Monday, July 13, 2009

How Technology Shapes our Faith

In this 2009 book published by Zondervan, Shane Hipps , Lead Pastor of Trinity Mennonite Church builds upon his previous book (2006), The Hidden Power of Electronic Culture: How Media Shapes Faith, the Gospel, and the Church. My review of that book here.

Covering almost the same ground as his previous book, Hipps draws heavily from the theories of Marshall McLuhan and Neil Postman. The main thesis of this book is very relevant for the Church. "Instead of simply resisting or caving in to (electronic) cultural forces, we are invited to study and understand them. Only then will we learn to use them rather than be used by them" (p.182).

This is a call for the Church to understand the power of the media and its positive and negative influences. Using his background in marketing, Hipps gave his readers a good overview of the consequences of the media. He defines the media as McLuhan did; that any technology that expands our senses and communication.

He suggests that the print media is what defined Western linear thinking. This was superseded by the image media which leads to postmodernism and now the electronic media which leads to virtual communities and virtual relationships. Two worthwhile quotes are "if oral culture is tribal and literate culture is individual, the electronic age is essentially a tribe of individuals" (p.107) and "if oral culture is intensely connected or empathic and print culture is distant or detached, then our electronic experience creates a kind of empathy at a distance" (p.108). Each media has its technological base from which it creates a cultural community around its uses and abuses.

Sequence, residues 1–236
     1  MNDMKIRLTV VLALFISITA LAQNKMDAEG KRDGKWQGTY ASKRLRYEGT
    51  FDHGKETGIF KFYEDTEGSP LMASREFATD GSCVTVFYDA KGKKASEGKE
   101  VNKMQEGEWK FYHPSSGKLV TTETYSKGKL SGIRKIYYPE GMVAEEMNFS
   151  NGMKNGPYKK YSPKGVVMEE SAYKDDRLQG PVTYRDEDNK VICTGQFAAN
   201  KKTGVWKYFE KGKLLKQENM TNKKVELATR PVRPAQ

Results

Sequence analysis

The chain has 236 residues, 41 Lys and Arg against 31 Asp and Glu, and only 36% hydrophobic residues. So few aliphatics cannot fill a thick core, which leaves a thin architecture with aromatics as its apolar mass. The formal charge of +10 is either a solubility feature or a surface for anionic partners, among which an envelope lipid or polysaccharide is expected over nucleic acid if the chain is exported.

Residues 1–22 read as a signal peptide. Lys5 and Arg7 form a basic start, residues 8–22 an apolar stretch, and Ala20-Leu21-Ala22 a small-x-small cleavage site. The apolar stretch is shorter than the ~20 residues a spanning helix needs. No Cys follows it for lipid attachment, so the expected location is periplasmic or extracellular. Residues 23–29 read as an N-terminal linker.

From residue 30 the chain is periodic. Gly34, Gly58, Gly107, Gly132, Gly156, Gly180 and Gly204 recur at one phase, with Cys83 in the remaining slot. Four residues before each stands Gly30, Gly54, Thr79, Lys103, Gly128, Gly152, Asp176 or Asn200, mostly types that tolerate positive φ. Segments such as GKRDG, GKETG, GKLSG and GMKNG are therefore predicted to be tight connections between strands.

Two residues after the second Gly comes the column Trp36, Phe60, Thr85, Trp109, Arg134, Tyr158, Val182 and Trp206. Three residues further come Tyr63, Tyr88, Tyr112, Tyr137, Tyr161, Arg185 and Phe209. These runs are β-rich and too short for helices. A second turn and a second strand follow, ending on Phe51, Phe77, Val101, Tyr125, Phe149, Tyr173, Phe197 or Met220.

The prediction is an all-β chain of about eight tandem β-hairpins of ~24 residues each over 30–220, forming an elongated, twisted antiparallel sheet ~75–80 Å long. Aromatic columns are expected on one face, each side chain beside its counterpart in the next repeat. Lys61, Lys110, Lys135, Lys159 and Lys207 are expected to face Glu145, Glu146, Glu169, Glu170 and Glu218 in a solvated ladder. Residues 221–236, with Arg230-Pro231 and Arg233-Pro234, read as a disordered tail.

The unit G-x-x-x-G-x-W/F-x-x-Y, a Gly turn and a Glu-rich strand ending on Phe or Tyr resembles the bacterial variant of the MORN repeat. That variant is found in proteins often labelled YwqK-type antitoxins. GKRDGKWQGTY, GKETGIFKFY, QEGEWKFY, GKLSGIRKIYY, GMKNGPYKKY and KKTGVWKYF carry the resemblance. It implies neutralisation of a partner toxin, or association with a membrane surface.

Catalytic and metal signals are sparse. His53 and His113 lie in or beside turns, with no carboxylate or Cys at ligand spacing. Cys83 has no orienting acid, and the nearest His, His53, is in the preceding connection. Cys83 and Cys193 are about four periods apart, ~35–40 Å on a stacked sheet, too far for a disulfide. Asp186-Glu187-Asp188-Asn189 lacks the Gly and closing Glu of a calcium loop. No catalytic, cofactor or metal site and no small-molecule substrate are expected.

Hipps' book, like his previous one is good in descriptive but not in prescriptive concerning how technology shapes our faith. Most of us are aware that technology does indeed shape our faith and we even agree with McLuhann that the "media is the message." What we want to know is how do we make sure that the message is not corrupted by the media. This is a good book in the ongoing dialogue of the Church and culture.


Labels: , ,


Post a Comment

<< Home